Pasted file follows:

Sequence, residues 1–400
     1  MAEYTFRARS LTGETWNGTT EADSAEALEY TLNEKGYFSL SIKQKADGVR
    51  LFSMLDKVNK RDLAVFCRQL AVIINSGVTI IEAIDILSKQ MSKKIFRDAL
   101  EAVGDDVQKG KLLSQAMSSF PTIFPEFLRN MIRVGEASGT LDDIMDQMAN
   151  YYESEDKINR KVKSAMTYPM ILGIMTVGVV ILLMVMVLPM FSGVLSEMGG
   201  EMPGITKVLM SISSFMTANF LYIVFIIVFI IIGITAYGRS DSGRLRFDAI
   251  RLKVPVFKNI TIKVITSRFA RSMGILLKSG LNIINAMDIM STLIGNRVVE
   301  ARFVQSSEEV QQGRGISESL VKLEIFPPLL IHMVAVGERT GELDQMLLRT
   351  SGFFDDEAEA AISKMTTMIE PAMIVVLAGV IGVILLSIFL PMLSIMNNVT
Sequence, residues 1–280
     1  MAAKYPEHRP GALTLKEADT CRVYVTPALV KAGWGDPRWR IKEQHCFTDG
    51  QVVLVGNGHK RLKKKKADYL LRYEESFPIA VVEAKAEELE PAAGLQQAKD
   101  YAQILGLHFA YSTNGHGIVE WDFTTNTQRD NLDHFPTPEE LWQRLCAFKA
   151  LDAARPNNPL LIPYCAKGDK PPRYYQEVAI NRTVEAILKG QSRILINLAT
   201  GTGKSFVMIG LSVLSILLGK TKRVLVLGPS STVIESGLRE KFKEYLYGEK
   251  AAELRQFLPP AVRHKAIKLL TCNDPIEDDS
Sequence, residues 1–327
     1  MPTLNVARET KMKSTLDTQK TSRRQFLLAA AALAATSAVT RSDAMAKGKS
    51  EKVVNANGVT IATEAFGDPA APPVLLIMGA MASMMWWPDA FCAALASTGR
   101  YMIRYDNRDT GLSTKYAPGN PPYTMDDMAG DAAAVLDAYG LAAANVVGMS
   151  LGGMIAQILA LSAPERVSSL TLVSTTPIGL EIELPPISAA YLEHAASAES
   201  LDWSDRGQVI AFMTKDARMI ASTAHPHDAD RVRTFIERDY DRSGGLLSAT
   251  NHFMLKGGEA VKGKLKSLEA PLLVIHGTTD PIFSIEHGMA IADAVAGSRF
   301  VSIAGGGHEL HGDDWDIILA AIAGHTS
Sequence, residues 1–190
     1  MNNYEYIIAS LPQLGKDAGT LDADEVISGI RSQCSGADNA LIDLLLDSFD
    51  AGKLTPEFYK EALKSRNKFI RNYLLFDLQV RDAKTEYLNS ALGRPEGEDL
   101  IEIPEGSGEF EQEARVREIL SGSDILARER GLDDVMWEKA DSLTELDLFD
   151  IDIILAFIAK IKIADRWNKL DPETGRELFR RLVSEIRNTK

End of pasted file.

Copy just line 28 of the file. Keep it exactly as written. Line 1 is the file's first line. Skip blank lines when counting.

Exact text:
   101  IEIPEGSGEF EQEARVREIL SGSDILARER GLDDVMWEKA DSLTELDLFD